Do you have the green light to eat a ton of sugar in one sitting if your blood sugar level is in the normal range? For example, you’re healthy and have a glucose monitor device at home.

You decide to take your blood sugar reading, and as expected, it’s normal. You have not been diagnosed with diabetes, and in fact, are quite healthy and fit. You’re also not overweight.

So why is it harmful to ingest in one sitting a huge amount of white sugar or some other form of processed sugar like maple syrup?

It’s important to monitor your sugar intake, even in the absence of diabetes, says Leigh Tracy, RD, LDN, a dietitian at The Center for Endocrinology at Mercy Medical Center in Baltimore.

“An excess amount of sugar in your diet can lead to weight gain, which in turn can increase your risk of a variety of health problems including heart disease and certain cancers,” says Tracy.

Well, what if weight gain isn’t a possibility?
What if you’re very lean, have an efficient resting metabolism and adhere regularly to intense exercise that keeps your body fat percentage in the “athletic” range?

When you dump a lot of sugar into your body all at once, this puts stress on the pancreas. The pancreas pumps out insulin to lower the rapidly rising level of sugar in the blood.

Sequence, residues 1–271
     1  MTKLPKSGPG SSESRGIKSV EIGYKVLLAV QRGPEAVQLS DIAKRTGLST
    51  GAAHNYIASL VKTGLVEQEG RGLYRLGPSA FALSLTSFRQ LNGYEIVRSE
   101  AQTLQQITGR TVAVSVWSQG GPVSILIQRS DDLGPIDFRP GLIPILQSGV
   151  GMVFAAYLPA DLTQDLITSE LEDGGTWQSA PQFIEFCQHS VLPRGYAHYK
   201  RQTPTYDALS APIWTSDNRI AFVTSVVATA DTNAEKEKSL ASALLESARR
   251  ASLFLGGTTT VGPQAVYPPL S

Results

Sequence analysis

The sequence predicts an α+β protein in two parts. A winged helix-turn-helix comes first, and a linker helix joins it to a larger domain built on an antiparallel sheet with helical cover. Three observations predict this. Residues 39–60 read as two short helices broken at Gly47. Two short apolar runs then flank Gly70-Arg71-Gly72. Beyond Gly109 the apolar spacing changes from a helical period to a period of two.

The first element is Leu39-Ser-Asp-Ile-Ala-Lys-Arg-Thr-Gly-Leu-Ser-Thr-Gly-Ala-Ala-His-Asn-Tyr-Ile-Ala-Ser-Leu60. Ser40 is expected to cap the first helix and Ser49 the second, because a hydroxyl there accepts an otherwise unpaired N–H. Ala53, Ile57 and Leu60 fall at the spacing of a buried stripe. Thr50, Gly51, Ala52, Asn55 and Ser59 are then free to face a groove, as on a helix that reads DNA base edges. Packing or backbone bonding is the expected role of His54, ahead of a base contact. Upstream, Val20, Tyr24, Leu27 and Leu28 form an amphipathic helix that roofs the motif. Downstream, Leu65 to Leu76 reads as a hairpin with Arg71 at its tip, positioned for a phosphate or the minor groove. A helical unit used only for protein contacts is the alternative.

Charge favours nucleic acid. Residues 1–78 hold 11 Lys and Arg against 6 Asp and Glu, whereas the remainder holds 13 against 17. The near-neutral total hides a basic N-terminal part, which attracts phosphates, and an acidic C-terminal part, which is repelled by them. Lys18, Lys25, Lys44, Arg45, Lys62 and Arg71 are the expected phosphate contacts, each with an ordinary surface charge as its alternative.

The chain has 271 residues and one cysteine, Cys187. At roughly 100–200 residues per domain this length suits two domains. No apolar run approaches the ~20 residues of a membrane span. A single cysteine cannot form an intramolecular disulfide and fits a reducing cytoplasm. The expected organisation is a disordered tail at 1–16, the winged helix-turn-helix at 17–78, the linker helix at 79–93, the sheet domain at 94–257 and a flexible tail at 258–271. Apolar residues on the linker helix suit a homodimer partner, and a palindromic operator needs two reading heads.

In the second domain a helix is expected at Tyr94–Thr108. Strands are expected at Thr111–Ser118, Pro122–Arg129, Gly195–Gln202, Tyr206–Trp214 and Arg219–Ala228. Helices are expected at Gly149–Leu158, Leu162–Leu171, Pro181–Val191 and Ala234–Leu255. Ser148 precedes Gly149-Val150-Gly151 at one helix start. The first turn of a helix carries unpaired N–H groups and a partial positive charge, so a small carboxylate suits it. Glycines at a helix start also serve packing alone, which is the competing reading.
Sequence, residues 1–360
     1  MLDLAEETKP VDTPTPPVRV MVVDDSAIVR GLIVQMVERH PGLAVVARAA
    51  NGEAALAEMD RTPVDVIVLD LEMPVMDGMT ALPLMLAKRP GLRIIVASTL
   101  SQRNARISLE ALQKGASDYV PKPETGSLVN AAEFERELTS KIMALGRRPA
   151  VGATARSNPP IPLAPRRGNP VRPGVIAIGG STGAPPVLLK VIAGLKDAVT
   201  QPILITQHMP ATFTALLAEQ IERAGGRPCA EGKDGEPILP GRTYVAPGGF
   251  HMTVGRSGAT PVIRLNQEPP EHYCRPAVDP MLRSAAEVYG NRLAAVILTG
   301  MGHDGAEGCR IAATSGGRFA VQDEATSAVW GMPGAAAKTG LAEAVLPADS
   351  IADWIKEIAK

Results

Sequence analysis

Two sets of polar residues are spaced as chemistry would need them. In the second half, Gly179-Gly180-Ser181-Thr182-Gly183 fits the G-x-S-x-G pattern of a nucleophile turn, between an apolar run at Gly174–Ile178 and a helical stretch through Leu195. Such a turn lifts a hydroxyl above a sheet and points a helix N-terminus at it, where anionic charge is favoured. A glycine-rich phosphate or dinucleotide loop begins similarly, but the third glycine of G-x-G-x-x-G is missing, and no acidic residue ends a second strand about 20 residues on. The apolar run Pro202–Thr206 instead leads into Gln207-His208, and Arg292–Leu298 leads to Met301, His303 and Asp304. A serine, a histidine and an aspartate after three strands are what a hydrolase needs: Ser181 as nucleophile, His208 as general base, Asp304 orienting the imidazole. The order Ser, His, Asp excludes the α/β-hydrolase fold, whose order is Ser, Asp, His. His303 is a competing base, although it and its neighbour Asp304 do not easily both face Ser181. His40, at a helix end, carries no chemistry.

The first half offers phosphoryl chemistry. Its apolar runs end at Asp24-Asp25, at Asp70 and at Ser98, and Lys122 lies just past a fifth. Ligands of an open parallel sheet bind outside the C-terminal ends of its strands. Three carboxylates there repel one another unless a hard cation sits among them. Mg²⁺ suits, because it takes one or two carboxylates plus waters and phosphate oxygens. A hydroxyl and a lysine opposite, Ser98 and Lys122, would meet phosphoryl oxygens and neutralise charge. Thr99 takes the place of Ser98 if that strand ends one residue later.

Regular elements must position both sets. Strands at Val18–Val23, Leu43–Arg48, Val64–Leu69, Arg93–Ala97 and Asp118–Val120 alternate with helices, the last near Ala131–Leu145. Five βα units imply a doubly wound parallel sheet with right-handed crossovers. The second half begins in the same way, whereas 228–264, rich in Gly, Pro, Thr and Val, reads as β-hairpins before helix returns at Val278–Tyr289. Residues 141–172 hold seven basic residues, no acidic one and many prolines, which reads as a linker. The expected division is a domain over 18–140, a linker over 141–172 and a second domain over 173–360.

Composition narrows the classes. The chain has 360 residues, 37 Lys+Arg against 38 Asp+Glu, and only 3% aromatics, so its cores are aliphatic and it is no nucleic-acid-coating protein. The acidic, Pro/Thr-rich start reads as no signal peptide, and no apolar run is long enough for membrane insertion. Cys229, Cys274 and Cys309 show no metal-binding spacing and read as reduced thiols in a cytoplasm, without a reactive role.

If you keep eating this way, even if you maintain a body fat percentage of 15 percent as a woman or 10 percent as a man, this will over time strain the pancreas.

A starting glucose reading in the normal range is not predictive of how harmless that a habit of high sugar consumption is on the body’s organs.

Granted, the best time to eat three glazed donuts at once is soon after an intense workout, when glucose metabolism is at its finest.

Another good time to inhale a stack of pancakes drenched in syrup is soon after awakening in the morning, when your body is in a state of carbohydrate deficit.

But the insult to the pancreas is just the same, not to mention the disastrous effect that high sugar consumption over time has on the cardiovascular system.

It goes without saying that these rules apply to a diabetic who happily sees a normal glucose reading.

Tracy explains, “The American Heart Association recommends women should limit their intake of added sugars to six teaspoons per day and men should limit it to nine teaspoons per day.”

Leigh Tracy focuses on helping patients with various chronic conditions make healthy and manageable diet choices.
Lorra Garrick has been covering medical, fitness and cybersecurity topics for many years, having written thousands of articles for print magazines and websites, including as a ghostwriter. She’s also a former ACE-certified personal trainer.